High school students eagerly anticipate their yearbooks before they're published, and scrutinise them for years afterward. According to Eddie Medina, a yearbook adviser with more than 10 years' experience, creating a memorable yearbook requires the talents of an entire staff, all working towards the same goal.
Choose a Yearbook Theme
Choosing the right theme for a yearbook constitutes the most important decision a staff can make. "Choose a theme that is fun and will be memorable to students years down the line," says Medina. "You do not want to pick a theme that is too trendy. By the end of the school year, it may already be old."
Medina suggests taking on a broad, timeless subject theme that is familiar to young and old and can be incorporated into individual pages.
Create a Stunning Cover
A great cover makes for a great yearbook, and helps set the right tone. Yearbook publishing companies offer in-house cover design services. But don't pass up the opportunity to bring in an outside artist, who can bring a fresh perspective and design a truly original cover.
A yearbook staff should solicit ideas for covers from local graphic design artists or even comic book artists. These artists can be found often by working students' contacts. Chances are, you'll find an artist among the parents and families of the students.
A memorable cover should not only be visually attractive, but also incorporate the school, or something related to it, into the design. Medina has worked this idea into several of his staff's yearbooks. For a Hollywood/movie-themed yearbook, Medina (himself an artist) created a cover that turned the school's mascot, a cougar, into an Oscar statue.
Maintain Your Theme
Your staff can maintain a great yearbook theme throughout the pages. Once your and your yearbook staff choose a theme, Medina advises that the staff spend time to come up with a colour scheme, phrases or sub-themes and even shapes associated with the theme that can be used in the yearbook. For example, a circus-themed yearbook had a cover designed to resemble a circus program using primary colours. Whenever possible, those primary colours were used in the pages. Each page number appeared inside circus-themed artwork, including a big-top tent and animals like an elephant. For a superhero-themed yearbook, Medina designed a cover resembling a comic book, and used phrases like "The Fresh-X-Men" (for the ninth grade class pages) and "Up, up and away" throughout the yearbook.
The yearbook theme should inform page layouts. In Medina's superhero-themed yearbook, pages of candid photos were formatted to resemble a comic book, complete with word balloons. Each page included sound-effect "blasts," as used in the 1960s TV show "Batman."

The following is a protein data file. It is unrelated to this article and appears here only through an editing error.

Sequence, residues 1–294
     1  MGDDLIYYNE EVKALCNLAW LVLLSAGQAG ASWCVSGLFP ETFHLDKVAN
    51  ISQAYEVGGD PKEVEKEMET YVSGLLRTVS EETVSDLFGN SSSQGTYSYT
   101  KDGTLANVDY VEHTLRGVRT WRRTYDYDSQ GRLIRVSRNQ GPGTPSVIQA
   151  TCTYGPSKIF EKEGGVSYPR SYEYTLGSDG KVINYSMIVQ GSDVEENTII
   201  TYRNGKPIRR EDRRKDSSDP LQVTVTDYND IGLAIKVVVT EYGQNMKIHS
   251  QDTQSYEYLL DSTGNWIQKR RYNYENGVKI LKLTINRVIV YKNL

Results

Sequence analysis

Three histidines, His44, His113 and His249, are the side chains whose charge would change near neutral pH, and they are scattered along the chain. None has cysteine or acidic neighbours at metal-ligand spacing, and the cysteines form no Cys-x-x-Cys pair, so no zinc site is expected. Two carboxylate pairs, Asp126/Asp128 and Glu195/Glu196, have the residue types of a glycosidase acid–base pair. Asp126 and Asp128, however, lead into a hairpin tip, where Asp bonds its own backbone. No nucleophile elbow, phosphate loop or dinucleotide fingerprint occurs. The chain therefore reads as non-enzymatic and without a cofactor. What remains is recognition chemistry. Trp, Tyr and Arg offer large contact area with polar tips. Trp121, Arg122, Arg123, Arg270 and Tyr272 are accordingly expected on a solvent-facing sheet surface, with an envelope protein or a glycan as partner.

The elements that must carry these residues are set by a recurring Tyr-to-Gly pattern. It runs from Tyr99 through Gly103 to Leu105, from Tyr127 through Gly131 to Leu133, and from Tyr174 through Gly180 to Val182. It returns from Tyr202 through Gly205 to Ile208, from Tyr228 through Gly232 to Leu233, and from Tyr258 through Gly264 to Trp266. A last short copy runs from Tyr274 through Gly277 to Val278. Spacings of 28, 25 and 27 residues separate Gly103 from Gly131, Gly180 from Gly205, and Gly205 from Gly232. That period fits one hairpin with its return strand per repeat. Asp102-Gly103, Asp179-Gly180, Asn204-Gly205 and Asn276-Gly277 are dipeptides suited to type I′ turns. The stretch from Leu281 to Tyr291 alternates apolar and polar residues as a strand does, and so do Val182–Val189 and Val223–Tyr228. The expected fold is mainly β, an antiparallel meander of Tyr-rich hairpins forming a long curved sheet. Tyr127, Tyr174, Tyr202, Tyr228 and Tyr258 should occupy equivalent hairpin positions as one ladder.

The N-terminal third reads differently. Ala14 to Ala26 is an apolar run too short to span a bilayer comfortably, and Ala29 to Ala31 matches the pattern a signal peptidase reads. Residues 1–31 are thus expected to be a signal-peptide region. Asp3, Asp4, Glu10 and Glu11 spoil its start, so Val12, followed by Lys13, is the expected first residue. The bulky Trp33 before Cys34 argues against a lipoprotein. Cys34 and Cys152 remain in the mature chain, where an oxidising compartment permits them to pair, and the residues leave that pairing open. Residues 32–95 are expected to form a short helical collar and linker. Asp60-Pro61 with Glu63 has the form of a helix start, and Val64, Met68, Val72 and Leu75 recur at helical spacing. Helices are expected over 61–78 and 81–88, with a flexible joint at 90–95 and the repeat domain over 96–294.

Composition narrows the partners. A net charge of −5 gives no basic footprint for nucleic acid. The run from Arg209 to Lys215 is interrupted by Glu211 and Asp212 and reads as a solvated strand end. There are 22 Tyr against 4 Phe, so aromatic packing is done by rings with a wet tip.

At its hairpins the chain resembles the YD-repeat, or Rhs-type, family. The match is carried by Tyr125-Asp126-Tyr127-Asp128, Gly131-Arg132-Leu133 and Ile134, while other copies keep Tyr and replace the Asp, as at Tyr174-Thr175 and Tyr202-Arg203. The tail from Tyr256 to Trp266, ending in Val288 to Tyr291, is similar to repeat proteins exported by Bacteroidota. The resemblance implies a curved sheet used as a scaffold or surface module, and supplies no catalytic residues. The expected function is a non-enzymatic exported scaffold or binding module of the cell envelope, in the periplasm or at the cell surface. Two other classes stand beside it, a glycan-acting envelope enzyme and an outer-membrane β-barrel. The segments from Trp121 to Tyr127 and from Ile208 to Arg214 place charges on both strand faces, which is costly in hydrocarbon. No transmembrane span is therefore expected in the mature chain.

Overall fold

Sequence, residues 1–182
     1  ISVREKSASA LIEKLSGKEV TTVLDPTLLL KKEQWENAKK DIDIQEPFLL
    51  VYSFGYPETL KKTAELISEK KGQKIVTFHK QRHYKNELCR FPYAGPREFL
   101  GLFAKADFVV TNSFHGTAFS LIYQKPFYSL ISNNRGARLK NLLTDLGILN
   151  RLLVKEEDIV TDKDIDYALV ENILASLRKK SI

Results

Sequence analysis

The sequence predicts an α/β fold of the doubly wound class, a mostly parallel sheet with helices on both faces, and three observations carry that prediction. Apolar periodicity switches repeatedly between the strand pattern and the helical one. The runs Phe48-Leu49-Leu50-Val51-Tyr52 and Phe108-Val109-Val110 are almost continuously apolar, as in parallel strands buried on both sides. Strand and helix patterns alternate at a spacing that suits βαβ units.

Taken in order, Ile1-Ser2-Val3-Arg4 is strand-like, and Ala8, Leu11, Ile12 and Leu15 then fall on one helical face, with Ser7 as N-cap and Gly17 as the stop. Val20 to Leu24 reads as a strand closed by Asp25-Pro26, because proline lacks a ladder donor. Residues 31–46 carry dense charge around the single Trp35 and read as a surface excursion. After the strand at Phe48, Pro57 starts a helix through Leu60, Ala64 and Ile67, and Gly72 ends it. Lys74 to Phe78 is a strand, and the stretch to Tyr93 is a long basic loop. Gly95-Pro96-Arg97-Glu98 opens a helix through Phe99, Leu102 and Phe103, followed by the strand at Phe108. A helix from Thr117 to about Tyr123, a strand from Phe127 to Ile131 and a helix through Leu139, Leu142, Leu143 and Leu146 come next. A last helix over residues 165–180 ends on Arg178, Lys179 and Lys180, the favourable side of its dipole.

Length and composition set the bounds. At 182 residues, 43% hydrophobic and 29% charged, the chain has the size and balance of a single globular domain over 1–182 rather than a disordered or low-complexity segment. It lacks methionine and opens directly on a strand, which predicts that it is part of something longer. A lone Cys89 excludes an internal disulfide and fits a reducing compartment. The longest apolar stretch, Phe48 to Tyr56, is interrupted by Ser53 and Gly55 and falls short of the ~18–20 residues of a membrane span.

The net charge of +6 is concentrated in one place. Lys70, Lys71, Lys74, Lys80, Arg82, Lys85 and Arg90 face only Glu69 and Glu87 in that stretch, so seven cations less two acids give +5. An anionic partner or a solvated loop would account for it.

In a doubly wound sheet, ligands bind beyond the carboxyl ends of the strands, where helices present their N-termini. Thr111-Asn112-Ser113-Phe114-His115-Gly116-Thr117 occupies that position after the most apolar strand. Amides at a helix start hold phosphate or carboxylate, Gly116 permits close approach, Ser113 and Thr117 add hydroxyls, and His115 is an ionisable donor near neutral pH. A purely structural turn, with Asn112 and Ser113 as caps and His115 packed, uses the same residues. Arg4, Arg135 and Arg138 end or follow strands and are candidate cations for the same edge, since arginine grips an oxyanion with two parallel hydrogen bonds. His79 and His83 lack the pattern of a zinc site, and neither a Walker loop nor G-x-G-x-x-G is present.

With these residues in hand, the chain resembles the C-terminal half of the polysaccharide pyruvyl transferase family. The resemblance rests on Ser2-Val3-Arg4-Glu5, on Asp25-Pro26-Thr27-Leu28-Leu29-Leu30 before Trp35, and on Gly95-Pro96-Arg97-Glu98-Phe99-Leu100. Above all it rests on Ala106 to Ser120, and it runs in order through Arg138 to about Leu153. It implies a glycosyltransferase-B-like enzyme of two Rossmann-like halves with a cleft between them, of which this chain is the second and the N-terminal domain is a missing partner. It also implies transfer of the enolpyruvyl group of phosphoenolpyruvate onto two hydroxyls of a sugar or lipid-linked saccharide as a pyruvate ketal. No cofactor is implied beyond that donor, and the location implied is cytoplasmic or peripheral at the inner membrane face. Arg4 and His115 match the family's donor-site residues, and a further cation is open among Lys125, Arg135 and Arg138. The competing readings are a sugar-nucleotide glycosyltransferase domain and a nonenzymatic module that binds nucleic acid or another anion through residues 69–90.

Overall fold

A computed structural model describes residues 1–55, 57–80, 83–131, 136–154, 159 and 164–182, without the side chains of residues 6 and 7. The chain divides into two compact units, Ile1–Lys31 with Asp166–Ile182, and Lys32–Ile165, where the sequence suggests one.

For the movie-themed yearbook, each class had a movie reference theme, including "Ocean's 11th" for the junior class pages. For individual student pictures, the staff put a "nomination" under each student's name, like "Best Actor for Star Wars" or "Best Makeup for The Princess Diaries." Class portraits were laid out on pages inside film strips. Each page had a different movie quote at the bottom, and each section title page looked like a movie poster and featured the school's mascot in the artwork.
For the circus yearbook, student pictures on the class pages were arranged in the shape of a big-top tent, within the outlines of a tent drawing.
Club and Candid Page Ideas
Pages featuring school clubs can also maintain the yearbook theme. When your yearbook staff takes pictures for various clubs, pick locations that fit the theme. Ask the members of each club to wear something or pose in a way that fits the theme.
For the superhero/comic book themed yearbook, pages featuring candid shots of students also featured "word balloons" added by the staff that gave each photo a personal touch and made each page fun to read. Such "touches" take a lot of extra time, but the time and attention pays off when students see the final product.
Staff Feedback and Input
Medina says the key to a successful, original and innovative yearbook is to allow every member of the staff the freedom to provide feedback and ideas during meetings. This makes the work atmosphere much more creative. The adviser should make the extra effort to give younger staff members smaller projects for the yearbook, which builds their responsibility and experience for future years.
When Medina's team has a yearbook finished and ready to distribute, he sometimes holds a special school assembly during which staff members perform a skit to introduce the yearbook before passing out copies. For the superhero yearbook, the staff dressed in superhero costumes. The event made for a nice "wrap party" while giving the staff some recognition for their efforts all year.
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